Time Travel Done Right: The First Fifteen Lives of Harry August

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Sometimes, I hear about a good book because it’s popular — all the bookish accounts I follow on Instagram are posting about it, it’s on the New York Times Bestseller list, and I get an advanced reader copy in the mail. And sometimes nobody’s talking about a book, but I’m drawn to it anyway. When a book like that turns out to be incredible, it feels magical, like I’ve discovered a hidden treasure.

The First Fifteen Lives of Harry August is a book like that. I heard about the story on the podcast Imaginary Worlds. The podcast is one of my favorites; it explores fantasy worlds (both bookish and otherwise) and why we’re drawn to them. I’ve learned about everything from characterization in D&D to a live, immersive theater retelling of Alice in Wonderland, as well as explorations of more mainstream fantasy like Harry Potter. Imaginary Worlds doesn’t usually have authors as guests, but the episode The First Three Lives of Catherine Webb was different; the guest was author Catherine Webb. And it was also Kate Griffin. And also Claire North, author of The First Fifteen Lives of Harry August. It was all those people because Catherine Webb writes under three names; the genres she writes in and audiences she writes for are different, so her publishers encouraged her to publish separately to avoid diluting each brand.

All that is a story for, well, the podcast. The story I want to focus on here is the book The First Fifteen Lives of Harry August, which I think is incredible. I chased this book all over town (I literally went to three different bookstores) because I was heading off on a week-long trip and wanted something longish and absorbing, but not boring, which is a balance that I think is difficult to find. I also wanted a paperback (to fit in my suitcase), and Harry August fit the bill.

The book is about a man named Harry August who is born and lives his life. But after he dies, he’s born again — into the same life, which he has to live again. He does this over and over (fifteen times by the end of the book). And he finds other people who live this way, too. Some become allies, some friends — and some, of course, are villains, which is where the story gets its structure.

The way Claire North (let’s call her that for simplicity’s sake) handles this material is incredible. Time travel is always tricky, and this plot in particular could’ve gotten repetitive. But even though Harry’s theoretically living the same life, it doesn’t get boring. Real history is woven throughout the book, but it never makes you feel like you’re in a classroom. The plot itself has breadcrumbs dropped throughout that come together beautifully and don’t feel forced. Because the lives of so many characters reset themselves, the book brings up the question of what really matters in life — and, at least in Harry August, I think it comes down to experiences, knowledge and relationships.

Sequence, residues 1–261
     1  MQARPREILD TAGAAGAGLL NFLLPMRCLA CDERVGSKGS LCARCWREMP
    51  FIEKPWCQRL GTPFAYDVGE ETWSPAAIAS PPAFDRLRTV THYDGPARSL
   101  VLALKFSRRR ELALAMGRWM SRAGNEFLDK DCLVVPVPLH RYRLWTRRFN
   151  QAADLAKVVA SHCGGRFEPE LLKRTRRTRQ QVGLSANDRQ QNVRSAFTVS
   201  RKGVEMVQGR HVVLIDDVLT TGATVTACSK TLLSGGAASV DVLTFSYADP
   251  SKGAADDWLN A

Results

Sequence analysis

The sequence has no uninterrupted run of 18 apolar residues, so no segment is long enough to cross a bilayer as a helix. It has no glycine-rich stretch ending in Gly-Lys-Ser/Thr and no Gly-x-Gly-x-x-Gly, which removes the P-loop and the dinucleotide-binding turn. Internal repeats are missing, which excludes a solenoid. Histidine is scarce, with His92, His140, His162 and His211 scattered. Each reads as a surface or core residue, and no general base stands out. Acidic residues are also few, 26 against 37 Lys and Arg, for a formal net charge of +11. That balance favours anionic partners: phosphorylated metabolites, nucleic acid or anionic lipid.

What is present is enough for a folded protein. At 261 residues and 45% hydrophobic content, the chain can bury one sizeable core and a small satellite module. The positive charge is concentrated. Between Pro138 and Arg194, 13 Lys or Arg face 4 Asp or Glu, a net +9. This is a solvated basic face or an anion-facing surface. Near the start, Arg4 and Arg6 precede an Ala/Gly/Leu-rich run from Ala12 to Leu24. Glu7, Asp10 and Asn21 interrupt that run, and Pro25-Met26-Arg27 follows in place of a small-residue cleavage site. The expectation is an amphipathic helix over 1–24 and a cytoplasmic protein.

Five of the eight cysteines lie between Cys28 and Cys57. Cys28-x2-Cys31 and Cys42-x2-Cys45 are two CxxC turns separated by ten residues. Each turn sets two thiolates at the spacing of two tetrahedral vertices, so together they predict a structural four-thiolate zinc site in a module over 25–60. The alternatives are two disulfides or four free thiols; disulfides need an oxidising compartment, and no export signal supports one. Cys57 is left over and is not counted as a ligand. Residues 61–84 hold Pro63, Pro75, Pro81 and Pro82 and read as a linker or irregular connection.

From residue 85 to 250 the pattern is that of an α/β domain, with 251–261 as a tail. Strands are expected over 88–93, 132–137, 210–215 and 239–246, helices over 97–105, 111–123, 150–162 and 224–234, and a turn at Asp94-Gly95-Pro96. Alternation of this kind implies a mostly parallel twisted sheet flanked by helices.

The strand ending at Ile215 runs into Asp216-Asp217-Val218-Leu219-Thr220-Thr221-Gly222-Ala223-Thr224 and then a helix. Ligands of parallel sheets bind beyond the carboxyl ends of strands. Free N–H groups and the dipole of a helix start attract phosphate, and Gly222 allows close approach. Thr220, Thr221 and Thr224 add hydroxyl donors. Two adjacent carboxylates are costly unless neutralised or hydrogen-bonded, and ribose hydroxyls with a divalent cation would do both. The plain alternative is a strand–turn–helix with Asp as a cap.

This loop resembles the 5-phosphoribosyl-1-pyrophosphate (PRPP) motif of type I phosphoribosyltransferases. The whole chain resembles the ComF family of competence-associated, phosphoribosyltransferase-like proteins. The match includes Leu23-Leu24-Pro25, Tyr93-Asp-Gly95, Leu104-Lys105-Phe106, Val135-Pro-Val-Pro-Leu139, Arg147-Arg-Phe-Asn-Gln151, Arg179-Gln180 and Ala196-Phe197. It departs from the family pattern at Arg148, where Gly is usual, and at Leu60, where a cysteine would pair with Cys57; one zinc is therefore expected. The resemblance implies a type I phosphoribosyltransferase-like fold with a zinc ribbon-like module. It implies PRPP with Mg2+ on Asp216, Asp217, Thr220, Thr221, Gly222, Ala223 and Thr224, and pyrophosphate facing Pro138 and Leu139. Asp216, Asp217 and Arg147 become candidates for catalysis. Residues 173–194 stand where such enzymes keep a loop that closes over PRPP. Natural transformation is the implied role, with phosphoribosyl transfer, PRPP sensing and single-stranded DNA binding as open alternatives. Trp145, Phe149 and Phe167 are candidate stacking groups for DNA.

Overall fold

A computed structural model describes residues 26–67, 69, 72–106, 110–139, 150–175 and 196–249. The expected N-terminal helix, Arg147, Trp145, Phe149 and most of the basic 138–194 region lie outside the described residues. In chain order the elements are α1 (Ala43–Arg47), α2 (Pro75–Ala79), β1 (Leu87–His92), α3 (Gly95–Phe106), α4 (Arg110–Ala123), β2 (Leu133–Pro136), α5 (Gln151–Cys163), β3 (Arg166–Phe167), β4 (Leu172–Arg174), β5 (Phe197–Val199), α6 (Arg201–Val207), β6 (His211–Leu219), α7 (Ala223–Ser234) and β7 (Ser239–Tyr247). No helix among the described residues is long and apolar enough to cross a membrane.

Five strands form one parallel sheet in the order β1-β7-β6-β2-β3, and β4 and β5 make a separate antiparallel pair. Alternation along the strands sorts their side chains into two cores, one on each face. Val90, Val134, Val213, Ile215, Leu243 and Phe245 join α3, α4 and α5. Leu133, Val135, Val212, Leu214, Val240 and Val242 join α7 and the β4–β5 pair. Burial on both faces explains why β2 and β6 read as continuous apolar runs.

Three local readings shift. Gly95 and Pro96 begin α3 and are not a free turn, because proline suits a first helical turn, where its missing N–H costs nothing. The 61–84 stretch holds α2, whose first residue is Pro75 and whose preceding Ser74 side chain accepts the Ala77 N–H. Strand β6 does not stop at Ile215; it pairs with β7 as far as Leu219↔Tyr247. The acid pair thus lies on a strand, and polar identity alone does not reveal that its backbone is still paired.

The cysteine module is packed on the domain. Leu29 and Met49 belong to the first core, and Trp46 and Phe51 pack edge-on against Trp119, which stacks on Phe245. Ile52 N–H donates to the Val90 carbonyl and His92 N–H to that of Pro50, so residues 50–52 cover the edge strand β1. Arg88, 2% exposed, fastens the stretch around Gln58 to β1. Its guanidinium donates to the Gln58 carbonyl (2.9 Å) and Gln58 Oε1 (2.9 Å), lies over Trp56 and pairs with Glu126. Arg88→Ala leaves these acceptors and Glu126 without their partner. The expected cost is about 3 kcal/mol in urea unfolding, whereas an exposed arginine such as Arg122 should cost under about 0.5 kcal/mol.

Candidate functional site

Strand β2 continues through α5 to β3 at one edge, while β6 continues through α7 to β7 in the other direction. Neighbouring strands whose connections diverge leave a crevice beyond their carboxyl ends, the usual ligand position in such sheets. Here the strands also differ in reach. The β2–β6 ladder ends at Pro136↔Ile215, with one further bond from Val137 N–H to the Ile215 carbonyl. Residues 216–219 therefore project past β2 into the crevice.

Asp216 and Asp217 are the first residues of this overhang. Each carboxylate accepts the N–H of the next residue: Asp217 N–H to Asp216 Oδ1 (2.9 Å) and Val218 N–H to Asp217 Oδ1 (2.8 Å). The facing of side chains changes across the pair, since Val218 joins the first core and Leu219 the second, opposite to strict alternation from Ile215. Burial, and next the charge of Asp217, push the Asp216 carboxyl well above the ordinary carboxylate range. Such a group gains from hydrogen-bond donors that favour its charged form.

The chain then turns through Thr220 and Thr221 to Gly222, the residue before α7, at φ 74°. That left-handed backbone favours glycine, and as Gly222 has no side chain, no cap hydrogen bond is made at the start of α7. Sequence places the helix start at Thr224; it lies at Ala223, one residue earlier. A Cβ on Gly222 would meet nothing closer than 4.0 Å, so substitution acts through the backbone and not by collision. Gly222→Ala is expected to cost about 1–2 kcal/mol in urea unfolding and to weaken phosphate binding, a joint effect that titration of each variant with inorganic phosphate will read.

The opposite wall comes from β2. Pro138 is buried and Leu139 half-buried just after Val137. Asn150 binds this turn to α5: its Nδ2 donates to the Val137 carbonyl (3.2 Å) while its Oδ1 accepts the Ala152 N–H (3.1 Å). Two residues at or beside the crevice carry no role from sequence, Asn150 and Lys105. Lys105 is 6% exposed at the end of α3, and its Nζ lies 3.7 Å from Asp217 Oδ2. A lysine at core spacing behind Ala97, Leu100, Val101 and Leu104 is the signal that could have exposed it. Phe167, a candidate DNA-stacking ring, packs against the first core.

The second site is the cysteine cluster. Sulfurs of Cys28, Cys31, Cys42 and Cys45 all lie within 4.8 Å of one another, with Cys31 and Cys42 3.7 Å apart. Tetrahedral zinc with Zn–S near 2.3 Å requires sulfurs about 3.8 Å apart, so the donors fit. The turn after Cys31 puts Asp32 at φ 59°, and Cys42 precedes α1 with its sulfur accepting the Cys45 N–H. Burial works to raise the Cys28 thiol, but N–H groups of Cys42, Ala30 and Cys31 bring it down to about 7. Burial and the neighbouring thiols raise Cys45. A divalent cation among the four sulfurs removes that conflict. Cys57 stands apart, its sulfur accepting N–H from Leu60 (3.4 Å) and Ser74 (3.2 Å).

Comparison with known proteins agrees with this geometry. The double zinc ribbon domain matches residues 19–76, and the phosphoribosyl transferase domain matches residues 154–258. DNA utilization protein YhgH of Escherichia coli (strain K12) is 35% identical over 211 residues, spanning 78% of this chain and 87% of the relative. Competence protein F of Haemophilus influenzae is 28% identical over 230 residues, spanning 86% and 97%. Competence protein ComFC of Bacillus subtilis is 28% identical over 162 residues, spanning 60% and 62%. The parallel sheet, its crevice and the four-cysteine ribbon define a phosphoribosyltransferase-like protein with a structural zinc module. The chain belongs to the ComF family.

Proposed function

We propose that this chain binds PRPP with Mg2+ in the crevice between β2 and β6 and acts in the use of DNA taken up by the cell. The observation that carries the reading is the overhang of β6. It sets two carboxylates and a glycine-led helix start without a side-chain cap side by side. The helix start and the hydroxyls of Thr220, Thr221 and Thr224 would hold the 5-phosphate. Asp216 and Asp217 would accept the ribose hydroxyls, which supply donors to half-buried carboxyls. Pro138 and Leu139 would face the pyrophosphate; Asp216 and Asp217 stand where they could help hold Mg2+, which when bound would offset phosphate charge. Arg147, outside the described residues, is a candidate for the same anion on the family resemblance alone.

The time travel is handled perfectly in Harry August, and the narrative itself is constructed incredibly well, but to me, the relationships in the story are the real stand-out. Harry’s connections with his parents, his wives, his enemies, and one friend in particular, are somehow even more realistic and beautiful because the story itself is so fantastical.

Obviously, I think The Fifteen Lives of Harry August is worth the read; it’s not edge-of-your-seat gripping (although it has those moments), but it’s consistently compelling. I doubt you’ll want to read it in one sitting, but it’s a great book to have by your reading chair or on your bedside table to pick up for half an hour or so every day. I think you’ll look forward to the time you spend with it, and you’ll be satisfied — and impressed with both Claire North and Harry August — in the end.

Carrie Rollwagen is cofounder of Church Street Coffee & Books and host of the podcast Everybody Hates Self-Publishing. She hopes you’ll read as many books as you can, and that you’ll get them all from your local bookshop or library. You can find Carrie on Instagram, Facebook, Snapchat and Twitter @crollwagen.

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